This is an archived release.
Slow income growth in households
According to seasonally-adjusted figures, disposable income in households and non-profit institutions serving households increased slowly by 0.2 per cent in nominal terms in the 3rd quarter of 2015 compared to the previous quarter. Real disposable income was reduced following a longer period of growth.
|4th quarter 2014||1st quarter 2015||2nd quarter 2015||3rd quarter 2015|
|Compensation of employees||359 347||362 876||366 535||369 100|
|Disposable income||336 197||343 574||347 091||347 743|
|Total consumption||325 120||331 854||330 574||331 322|
|Saving, net||32 169||33 675||39 959||40 372|
|Savings ratio (per cent)||9.0||9.2||10.8||10.9|
|Real disposable income, growth||0.9||1.6||0.7||-1.1|
Compensation of employees was up 0.7 per cent in the 3rd quarter. Property income received was reduced more than property income paid and thus made a positive contribution to growth in disposable income. On the other hand, pensions and benefits received from general government, mostly sickness and maternity benefits, decreased, while current taxes on income and wealth increased, resulting in a small increase in disposable Income of 0.2 per cent from the 2nd quarter. Real disposable Income is estimated to have decreased by 1.1 per cent or 1.4 per cent per capita.
Consumption expenditure increased less than disposable income adjusted by households’ savings in pension funds, resulting in a small increase in savings. The savings ratio is calculated to 10.9 per cent; just above the ratio of the 2nd quarter.
Accumulated over the first three quarters of 2015, the non-adjusted figures show a reduction in disposable income in both the enterprise sectors and in general government. In the non-financial enterprise sector the fixed capital formation was reduced more than the reduction in income, resulting in a reduction in net borrowing. In general government on the other hand, both final consumption expenditures and fixed capital formation increased, and together with the reduced income led to a marked fall in net lending.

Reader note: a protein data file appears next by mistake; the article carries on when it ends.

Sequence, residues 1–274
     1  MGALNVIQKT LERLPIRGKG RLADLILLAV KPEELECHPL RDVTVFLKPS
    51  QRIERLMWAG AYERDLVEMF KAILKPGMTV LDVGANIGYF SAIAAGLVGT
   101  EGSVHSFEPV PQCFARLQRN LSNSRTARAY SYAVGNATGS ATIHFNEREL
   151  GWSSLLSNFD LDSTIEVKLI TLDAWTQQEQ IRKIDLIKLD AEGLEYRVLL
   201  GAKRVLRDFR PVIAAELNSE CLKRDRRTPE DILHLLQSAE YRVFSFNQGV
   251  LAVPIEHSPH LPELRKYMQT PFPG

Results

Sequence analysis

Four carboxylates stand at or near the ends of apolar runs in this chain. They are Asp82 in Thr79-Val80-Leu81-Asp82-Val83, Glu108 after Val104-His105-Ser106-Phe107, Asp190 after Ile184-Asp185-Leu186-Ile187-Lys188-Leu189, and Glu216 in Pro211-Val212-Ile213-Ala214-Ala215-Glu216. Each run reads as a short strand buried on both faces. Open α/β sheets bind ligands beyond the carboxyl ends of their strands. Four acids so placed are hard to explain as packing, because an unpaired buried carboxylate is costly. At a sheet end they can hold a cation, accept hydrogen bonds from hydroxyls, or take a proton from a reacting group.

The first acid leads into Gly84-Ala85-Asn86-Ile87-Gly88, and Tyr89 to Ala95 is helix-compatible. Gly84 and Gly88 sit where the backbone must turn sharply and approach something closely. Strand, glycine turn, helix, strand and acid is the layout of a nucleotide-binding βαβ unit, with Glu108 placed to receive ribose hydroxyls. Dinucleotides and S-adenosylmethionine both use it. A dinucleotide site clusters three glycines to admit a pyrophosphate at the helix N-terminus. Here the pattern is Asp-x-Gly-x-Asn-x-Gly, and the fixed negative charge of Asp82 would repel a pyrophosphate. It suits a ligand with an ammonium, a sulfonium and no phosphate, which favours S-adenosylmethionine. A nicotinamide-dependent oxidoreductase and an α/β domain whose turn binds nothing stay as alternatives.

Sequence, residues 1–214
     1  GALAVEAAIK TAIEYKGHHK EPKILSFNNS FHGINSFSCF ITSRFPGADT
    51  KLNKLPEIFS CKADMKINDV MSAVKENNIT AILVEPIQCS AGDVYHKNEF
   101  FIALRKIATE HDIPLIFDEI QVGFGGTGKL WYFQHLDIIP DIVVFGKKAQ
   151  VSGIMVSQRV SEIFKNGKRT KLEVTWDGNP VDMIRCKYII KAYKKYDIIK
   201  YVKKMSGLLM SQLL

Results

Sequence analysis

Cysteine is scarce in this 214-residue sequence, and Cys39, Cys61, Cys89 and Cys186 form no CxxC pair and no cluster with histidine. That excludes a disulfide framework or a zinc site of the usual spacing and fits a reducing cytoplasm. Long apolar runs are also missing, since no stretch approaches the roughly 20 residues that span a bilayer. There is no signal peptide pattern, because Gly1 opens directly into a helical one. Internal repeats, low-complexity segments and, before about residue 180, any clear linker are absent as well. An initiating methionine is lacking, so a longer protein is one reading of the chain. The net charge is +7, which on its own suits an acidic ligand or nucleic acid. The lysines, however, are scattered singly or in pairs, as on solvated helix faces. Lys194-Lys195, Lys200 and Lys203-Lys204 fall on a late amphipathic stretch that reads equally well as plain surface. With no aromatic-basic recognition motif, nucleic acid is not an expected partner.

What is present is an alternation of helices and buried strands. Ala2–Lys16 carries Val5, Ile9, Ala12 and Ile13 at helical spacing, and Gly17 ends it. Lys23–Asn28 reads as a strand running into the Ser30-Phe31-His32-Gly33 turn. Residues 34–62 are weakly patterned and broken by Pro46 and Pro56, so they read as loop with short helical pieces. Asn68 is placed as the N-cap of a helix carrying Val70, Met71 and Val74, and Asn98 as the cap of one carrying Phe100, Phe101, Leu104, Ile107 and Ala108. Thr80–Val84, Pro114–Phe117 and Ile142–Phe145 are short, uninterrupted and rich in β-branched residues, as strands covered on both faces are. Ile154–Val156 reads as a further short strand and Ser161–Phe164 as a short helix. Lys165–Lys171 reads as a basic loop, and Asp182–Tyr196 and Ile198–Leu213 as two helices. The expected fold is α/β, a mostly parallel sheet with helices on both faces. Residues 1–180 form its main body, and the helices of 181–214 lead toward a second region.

In this publication, Statistics Norway has released for the first time non-financial sector accounts for all institutional sectors, i.e. non-financial enterprises, financial enterprises, general government, households, non-profit organisations serving households (NPISHs), and the rest of the world. For variables also included in Quarterly national accounts and in Balance of payments, the figures are the same as those presented there. Time series cover all quarters dating back to the year 2002.
For the time being, only non-seasonally adjusted figures have been estimated and published for the sectors other than households and NPISHs. Such figures will be published during 2016.
With the publication of the 3rd quarter 2015, the statistics comprise all institutional sectors, not only households and non-profit organisations serving households (NPISHs). New sources and methods and the integration and balancing of households and NPISHs with the other institutional sectors have resulted in revisions of the previously published quarterly figures for households and NPISHs. Before 2013, only figures for consumption of fixed capital had been revised on an annual (and quarterly) basis.
Quarterly sector accounts are based on preliminary calculations. The uncertainty in the last quarter is the greatest. New information is continuously being integrated into the figures, which could cause revisions in the previously released data. Quarterly sector accounts are also consolidated against the data from the quarterly national accounts data. When the last quarters of the unadjusted series are updated, seasonally-adjusted series may also be revised backwards.